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Inspirational primary head teacher retires after 18 years




An inspirational primary school head teacher has retired after 18 years of educating.

Bob Hattersley, retiring head at Chuter Ede Primary School, has taken the decision to hand in his notice having never "had that Monday morning feeling".

He is known for the Together For Newark initiative led by the Newark Family of Schools (NFS) – of which he is chair – to ensure all children have access to the same life chances.

Left to right: Chuter Ede Fernwood head girl Darcy-May Laurence, 11, Emmanuel Muoka, 11, retiring headteacher Bob Hattersley, Ana-Maria Stoiof, 11, and head boy Jake Warrener, 11. 220719DC1-1 (14156115)
Left to right: Chuter Ede Fernwood head girl Darcy-May Laurence, 11, Emmanuel Muoka, 11, retiring headteacher Bob Hattersley, Ana-Maria Stoiof, 11, and head boy Jake Warrener, 11. 220719DC1-1 (14156115)

Bob's career began in 1979 where he served as a teacher in several primary schools, going on to become head at Chuter Ede's Balderton site in 2001.

He then became head at the school's Fernwood site which was built in 2012 following pupil demand and success of the existing primary school.

"I feel like I want to do different things now but I've loved my time here. It's been a very difficult decision to retire. But now I've got more opportunity to relax a bit more," said Bob.

The former head said his career has been all about the children and reflecting on their education, adding he has always tried his best to support them.

The steering Newark Family of Schools group started working together in 2012 following an activity in the community that gave a focus for what the project needed to include.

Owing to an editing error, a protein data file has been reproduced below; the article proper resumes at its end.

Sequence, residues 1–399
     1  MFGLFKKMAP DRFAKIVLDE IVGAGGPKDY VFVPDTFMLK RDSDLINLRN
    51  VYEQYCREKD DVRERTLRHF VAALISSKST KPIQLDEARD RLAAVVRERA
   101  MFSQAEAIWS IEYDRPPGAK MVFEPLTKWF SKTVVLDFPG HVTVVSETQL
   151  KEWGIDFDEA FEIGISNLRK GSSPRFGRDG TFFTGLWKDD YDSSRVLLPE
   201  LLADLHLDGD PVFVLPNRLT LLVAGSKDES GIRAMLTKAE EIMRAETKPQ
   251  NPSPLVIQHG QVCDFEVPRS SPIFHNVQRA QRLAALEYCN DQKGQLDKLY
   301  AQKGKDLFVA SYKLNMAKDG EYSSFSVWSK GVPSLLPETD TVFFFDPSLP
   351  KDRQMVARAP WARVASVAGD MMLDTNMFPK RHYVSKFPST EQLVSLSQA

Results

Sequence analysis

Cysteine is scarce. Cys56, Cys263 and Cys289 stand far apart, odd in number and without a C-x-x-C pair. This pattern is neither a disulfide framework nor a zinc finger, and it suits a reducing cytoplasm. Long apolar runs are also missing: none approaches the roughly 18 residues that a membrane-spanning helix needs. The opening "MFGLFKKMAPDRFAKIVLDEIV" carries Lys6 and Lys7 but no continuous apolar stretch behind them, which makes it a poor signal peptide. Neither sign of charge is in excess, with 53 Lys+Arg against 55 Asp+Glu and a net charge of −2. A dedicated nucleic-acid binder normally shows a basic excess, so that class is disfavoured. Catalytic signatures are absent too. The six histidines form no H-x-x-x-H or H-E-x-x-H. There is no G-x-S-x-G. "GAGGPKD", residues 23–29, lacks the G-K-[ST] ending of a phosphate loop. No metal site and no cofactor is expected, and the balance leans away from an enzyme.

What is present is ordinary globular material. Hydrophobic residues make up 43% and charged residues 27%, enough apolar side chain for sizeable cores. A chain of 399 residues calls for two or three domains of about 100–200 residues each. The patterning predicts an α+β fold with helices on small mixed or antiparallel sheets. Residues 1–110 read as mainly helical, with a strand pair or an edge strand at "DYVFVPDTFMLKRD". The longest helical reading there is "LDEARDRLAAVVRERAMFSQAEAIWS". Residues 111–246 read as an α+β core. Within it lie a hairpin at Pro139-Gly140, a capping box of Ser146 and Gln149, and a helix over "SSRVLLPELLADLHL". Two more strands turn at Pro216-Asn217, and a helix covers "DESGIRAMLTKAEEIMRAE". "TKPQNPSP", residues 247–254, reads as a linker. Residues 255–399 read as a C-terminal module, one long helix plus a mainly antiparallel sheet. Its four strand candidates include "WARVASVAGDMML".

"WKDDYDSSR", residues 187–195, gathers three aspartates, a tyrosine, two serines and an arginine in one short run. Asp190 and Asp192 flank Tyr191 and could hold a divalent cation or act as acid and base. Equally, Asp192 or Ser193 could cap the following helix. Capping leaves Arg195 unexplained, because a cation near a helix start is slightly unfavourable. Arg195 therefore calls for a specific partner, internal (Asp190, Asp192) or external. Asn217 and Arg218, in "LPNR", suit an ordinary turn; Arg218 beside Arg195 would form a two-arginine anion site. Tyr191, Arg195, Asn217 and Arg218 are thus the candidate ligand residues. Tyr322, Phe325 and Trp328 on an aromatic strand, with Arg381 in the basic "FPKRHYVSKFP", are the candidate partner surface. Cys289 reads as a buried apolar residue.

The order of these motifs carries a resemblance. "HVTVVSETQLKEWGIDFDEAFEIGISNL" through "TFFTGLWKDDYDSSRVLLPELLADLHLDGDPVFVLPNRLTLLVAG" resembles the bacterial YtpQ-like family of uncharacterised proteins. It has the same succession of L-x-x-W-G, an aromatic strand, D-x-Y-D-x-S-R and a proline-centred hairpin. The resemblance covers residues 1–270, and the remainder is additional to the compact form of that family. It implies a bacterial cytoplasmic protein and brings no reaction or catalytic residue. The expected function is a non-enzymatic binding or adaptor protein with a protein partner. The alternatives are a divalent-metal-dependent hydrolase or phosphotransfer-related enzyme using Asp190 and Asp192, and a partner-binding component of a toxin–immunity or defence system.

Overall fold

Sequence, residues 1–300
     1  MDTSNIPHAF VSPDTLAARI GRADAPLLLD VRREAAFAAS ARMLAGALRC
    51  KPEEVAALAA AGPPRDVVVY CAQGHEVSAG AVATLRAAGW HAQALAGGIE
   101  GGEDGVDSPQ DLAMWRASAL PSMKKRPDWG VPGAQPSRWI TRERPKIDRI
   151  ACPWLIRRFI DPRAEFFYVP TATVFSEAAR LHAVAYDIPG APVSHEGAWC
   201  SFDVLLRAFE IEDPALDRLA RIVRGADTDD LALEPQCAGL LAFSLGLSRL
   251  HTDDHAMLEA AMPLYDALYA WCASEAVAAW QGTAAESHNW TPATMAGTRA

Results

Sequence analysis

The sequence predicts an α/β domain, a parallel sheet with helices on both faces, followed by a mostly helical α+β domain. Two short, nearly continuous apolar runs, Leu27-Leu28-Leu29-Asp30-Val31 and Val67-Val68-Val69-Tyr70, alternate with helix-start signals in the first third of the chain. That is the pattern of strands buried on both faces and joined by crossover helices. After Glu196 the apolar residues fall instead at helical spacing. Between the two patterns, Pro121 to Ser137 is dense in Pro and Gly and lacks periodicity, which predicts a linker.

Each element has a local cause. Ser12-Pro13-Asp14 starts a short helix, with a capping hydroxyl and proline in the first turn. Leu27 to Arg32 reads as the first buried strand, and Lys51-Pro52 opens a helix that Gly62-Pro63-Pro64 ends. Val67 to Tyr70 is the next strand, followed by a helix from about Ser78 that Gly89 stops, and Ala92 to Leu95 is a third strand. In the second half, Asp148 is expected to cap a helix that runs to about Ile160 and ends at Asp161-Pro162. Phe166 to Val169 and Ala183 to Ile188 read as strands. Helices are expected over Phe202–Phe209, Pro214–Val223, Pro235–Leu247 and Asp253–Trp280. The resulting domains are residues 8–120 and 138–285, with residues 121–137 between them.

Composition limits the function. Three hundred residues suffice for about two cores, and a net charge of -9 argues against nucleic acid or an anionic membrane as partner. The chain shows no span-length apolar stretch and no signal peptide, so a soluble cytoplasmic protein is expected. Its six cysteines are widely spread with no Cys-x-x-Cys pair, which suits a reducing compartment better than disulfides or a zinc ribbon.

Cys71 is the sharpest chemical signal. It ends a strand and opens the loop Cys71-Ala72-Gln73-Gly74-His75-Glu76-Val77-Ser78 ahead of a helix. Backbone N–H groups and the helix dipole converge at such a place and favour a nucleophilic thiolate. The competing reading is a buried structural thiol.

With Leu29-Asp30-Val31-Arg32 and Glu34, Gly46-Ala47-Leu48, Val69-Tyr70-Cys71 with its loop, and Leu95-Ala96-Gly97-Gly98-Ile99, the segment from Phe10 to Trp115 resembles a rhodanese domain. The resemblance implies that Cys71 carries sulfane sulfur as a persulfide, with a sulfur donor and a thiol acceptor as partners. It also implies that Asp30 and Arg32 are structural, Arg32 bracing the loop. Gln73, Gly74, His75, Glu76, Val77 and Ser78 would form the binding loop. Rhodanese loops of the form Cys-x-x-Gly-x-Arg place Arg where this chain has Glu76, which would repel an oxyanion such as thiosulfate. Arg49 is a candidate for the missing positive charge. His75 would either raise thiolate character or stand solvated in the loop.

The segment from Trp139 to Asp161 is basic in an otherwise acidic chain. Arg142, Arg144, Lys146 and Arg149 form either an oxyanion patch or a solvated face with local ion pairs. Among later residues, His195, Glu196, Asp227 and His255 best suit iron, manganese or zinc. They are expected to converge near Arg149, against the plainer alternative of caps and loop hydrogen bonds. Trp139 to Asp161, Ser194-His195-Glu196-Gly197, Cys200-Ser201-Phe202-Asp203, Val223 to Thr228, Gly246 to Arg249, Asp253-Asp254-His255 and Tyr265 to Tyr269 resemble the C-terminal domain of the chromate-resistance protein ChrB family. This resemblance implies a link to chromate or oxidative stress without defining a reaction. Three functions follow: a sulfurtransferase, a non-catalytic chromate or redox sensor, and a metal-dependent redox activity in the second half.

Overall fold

Bob added: "I'm the chair of the Newark Family of Schools, which is all about closing the gap in terms of poverty and improving the future life chances of our children – all of which will continue when I am gone.

"Within the NFS we have adopted a Newark health ambassador and a councillor comes to work with us once a week, for any child that is dealing with stress, anxiety or bereavement. The reason we do this is because this will also raise aspirations of our children, because they fell well within themselves."

The NFS feels strongly that this has to be a cohesive effort if it hopes to make a difference and develop as a community.

But despite the laying the foundationary work for the initiative and maintaining its aims, Bob has no doubt both school sites will prosper when he has left.

He said: "I also have no fears about all these initiatives carrying on when I'm gone. We've got some very talented head teachers and staff and they are all familiar with the strategies we are working on.

"I've never had that 'Monday morning feeling'. I've always been excited about what I'm doing. And I think I will miss the people the most, it's the most important thing within the job."

Throughout his notable career Bob has had the pleasure of having Linford Christie in his classroom and saw a glimpse of Princess Diana when she was passing one of his schools.

He is now planning his retirement and do some consultancy work for the county and self-employed.

Bob added: "I've loved my job, there's been so many memories that I could not pin point one as the best. There's been so much support from parents over the years who helped us go the extra mile.

"But the next thing on my list is completing Yorkshire Three Peaks challenge, raising money for the British heart foundation."

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